Steamboat eats up return of Fourth of July hotdog contest
There’s nothing more American than eating way too much food for the sake of winning some cash.
An hour or so after record-holder Joey Chestnut slammed down 63 hot dogs and buns at the Nathan’s Famous Hot Dog Eating Contest in Coney Island, New York, Steamboat Springs held a similar competition on the lawn of the Routt County Courthouse.
Dozens of people, mostly adolescent boys, sat at the long table in front of a stage to attempt to win $500. Following a brief and well-attended competition, Ben Nierenberg, a 30-year resident of the Yampa Valley, walked away with a full stomach and a full wallet.
“Eat fast, swallow big chunks and drink a lot of water,” Nierenberg said of his tactic.
Nierenberg ate his ‘brick’ of 10 hot dogs, sans buns, faster than anyone else, clocking in at around a minute and a half. A few opponents were only a dog or two behind him.
“They were room temperature hot dogs. The idea is to eat half a hot dog per bite,” Nierenberg said.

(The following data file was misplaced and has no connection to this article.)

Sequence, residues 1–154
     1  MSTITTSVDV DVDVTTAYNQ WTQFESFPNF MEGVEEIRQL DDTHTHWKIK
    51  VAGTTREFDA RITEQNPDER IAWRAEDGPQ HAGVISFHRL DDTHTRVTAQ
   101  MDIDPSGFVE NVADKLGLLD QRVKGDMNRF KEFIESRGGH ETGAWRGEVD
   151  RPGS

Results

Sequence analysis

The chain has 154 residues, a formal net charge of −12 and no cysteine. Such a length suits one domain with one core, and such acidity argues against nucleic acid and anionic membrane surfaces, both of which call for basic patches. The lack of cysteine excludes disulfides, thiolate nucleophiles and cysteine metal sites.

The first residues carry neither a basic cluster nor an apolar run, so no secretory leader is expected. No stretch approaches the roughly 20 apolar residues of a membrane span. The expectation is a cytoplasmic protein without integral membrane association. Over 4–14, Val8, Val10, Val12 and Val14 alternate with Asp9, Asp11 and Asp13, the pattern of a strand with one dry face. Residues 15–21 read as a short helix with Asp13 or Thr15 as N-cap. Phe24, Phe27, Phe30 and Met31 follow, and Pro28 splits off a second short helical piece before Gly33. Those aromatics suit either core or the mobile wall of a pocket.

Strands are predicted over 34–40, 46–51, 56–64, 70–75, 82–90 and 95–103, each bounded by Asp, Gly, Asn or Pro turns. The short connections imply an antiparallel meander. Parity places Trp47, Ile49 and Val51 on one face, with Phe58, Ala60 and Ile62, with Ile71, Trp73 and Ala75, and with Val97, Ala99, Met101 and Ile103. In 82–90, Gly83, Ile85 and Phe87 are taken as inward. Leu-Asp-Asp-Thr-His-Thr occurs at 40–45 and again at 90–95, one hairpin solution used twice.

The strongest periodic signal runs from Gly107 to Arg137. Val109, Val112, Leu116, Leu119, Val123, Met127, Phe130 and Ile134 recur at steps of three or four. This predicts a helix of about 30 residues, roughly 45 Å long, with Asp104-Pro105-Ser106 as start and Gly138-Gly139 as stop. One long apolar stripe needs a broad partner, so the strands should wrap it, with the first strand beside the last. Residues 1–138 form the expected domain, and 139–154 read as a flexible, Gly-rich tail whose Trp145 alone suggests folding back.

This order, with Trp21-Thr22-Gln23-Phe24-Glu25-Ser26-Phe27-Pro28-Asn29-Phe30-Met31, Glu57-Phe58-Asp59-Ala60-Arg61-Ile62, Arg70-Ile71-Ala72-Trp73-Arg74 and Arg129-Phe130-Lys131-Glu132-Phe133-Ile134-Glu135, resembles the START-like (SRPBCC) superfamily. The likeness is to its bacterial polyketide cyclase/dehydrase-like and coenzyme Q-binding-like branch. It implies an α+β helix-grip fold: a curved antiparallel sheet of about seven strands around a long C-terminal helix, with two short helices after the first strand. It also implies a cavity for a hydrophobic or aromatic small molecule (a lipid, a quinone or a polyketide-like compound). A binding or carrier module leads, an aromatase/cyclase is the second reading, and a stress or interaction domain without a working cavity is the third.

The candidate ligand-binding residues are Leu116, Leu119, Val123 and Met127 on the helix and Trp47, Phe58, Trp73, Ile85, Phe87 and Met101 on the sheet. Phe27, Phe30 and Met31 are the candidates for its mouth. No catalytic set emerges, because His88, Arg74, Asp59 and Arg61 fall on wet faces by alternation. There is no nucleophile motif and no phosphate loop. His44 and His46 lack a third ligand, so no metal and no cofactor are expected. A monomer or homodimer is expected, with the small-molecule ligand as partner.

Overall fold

Nierenberg, who works at Perry Mansfield, has done a few eating contests before, so between his self-proclaimed strong ability to eat and his experience doing so in a competitive environment, he was pretty confident.
As he and many others shoved meat cylinders down their gullets, a crowd gathered and packed against the long table. Everyone screamed at their favorite competitor and held out their phones to record the All-American event.
The event was put on by Steamboat Christian Center, who brought back the event that hasn’t taken place in seven years. The Christian center also gave out 1,300 hot dogs, two thousand bottles of water and one thousand popsicles to attendees and passerbys.
“Steamboat Christian Center is all about loving God and loving people,” said Jeff Sublett, outreach pastor at the Christian center. “That’s our vision. We wanted to love our community. … Our whole thing is to love people with no strings attached. Most people think of church. We just want to love the community and have a great time.”
Sublett said he hopes the competition is back for good and is an annual part of Independence Day in Routt County.
In 2010, The Hungry Dog started a competition that ran for at least four years. That wasn’t attached to Fourth of July, though.
According to the Nathan’s Famous website, the Coney Island contest is thought to have started in 1916 on Independence Day, as four immigrants battled at the first Nathan’s hot dog stand to prove who was the most patriotic by, of course, a hot dog eating competition.
Shelby Reardon is the assistant editor at the Steamboat Pilot & Today. To reach her, call 970-871-4253, email sreardon@SteamboatPilot.com or follow her on Twitter @ByShelbyReardon.
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